Gun violence in Chicago has claimed another teenager who only last week marched with her school band in Washington at President Obama’s inauguration, continuing an escalating trend of deadly shootings on the city’s South Side.
Hadiya Pendleton, 15, an honor student at Chicago’s Dr. Martin Luther King Jr. College Preparatory High School and a majorette in the marching band, was killed midday Tuesday while hanging out with friends after exams in a nearby park, the Chicago Tribune reported. As she was standing under a shelter to get out of the rain, an unidentified male jumped a fence and ran toward her group, firing at them. Pendleton was struck in the back, while another boy was hit in the leg. The shooter then jumped into a car and sped off.
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The two teens were taken to a nearby hospital where Pendleton was pronounced dead. The injured boy was in serious condition. Police say the girl was likely an unintended target of the shooting and was not involved with gangs, but some of the teens in her group may have had gang affiliations.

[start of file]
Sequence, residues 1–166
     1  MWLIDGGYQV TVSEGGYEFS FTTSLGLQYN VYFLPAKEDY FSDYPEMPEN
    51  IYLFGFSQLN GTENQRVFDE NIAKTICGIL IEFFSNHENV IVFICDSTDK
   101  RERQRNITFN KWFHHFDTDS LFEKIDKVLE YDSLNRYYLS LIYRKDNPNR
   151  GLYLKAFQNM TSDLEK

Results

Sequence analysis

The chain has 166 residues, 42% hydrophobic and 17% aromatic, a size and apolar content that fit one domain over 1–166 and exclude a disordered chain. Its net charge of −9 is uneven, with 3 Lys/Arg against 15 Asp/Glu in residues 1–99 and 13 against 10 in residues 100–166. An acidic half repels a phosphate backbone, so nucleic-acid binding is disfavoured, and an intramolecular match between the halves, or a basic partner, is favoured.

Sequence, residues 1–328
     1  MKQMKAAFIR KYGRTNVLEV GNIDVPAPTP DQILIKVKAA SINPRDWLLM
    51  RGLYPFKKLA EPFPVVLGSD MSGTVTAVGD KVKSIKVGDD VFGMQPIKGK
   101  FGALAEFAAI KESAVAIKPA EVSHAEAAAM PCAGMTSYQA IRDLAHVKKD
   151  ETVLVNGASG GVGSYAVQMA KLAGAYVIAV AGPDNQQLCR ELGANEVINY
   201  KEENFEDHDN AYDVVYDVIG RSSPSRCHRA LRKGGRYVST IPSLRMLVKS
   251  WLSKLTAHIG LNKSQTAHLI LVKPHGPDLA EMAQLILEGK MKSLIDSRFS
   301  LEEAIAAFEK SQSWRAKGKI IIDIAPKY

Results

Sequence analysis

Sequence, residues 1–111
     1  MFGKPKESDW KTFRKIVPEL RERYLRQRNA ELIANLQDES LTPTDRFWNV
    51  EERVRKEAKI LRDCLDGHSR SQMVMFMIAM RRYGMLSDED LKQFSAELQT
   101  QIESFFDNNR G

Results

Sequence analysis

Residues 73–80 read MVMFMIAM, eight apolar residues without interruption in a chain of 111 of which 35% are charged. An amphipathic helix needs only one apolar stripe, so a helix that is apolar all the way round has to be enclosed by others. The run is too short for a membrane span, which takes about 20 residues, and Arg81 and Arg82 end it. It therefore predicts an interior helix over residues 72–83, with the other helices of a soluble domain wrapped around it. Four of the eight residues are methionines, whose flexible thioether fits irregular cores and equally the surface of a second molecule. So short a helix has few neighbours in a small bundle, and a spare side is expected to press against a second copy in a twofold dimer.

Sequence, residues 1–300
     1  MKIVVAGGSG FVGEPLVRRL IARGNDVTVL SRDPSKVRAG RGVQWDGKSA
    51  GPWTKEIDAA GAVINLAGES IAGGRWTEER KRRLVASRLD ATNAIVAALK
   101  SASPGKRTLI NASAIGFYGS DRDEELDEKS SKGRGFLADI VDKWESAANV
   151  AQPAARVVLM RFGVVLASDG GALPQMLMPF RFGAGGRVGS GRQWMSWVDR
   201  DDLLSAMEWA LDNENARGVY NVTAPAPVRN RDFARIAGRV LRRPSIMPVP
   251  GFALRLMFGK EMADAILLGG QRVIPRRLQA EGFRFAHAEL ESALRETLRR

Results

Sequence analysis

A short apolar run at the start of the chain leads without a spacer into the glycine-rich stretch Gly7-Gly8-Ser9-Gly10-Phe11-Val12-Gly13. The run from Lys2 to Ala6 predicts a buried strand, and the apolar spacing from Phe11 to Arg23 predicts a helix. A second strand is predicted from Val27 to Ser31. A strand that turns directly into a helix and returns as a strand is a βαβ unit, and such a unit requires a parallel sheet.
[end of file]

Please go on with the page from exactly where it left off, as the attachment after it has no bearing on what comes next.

Some of the youths scattered after the shooting, but others stayed behind. Those that did are reportedly not cooperating with police, leaving officials with no description of the attacker or the car he left in. No arrests have been made so far.
King College Prep is one of Chicago’s top magnet schools and its band has performed at several inaugural events. It is located in the city’s Kenwood neighborhood, which normally does not see much violent crime, according to police data. It is about a mile from President Obama’s home in Hyde Park.
Pendleton’s godfather, Chicago police officer Damon Stewart said that the teen was making big plans for her future at the time of her death. “She was working on some sort of exchange program, where she was going to go to school in Paris,” Stewart said. “She was a great student.”
The killing was shocking enough to warrant a mention at Wednesday’s Congressional hearings on gun violence. Illinois Sen. Dick Durbin brought Pendleton’s murder to the attention of a stunned audience during testimony. “Just a matter of days after the happiest day of her life, she’s gone,” Durbin said. “We have guns everywhere and some believe the solution to this is more guns. I disagree.”
So far in 2013, Chicago has seen 42 homicides. In 2012, 506 people were killed in the city. Only 25% of those murders were solved.